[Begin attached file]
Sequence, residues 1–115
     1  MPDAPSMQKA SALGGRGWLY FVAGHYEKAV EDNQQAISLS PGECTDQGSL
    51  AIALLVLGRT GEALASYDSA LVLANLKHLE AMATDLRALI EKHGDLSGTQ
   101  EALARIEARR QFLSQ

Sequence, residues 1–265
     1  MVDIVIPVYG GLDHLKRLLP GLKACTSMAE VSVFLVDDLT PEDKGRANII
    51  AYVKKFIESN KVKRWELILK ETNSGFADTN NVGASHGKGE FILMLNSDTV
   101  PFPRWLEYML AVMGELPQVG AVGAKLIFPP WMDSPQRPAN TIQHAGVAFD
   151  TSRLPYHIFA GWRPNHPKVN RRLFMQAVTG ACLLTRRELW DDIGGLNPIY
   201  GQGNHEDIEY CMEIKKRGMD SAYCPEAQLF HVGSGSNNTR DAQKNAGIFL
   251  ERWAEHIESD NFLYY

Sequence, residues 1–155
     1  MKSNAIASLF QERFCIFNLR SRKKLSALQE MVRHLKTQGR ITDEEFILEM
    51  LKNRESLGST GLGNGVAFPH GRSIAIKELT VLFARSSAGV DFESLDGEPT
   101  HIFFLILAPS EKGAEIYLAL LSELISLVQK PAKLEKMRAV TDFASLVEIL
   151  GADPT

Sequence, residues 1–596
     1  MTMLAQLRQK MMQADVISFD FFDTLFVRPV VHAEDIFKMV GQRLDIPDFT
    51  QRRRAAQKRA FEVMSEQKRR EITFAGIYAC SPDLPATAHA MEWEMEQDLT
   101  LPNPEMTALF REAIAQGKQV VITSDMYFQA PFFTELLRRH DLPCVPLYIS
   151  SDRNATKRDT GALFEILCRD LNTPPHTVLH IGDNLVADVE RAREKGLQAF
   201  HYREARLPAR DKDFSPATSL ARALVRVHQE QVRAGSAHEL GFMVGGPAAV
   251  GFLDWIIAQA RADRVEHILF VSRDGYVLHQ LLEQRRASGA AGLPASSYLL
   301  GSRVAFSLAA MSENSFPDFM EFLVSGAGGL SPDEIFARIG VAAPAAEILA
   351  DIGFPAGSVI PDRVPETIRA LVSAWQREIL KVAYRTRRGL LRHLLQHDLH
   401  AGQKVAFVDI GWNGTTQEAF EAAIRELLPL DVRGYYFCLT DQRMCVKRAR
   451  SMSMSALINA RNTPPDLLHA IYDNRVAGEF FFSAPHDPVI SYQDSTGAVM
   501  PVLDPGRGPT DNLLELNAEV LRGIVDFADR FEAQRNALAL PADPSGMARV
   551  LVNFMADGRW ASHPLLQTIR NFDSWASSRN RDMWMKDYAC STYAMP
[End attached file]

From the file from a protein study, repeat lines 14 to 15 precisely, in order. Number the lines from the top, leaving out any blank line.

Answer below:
    51  LKNRESLGST GLGNGVAFPH GRSIAIKELT VLFARSSAGV DFESLDGEPT
   101  HIFFLILAPS EKGAEIYLAL LSELISLVQK PAKLEKMRAV TDFASLVEIL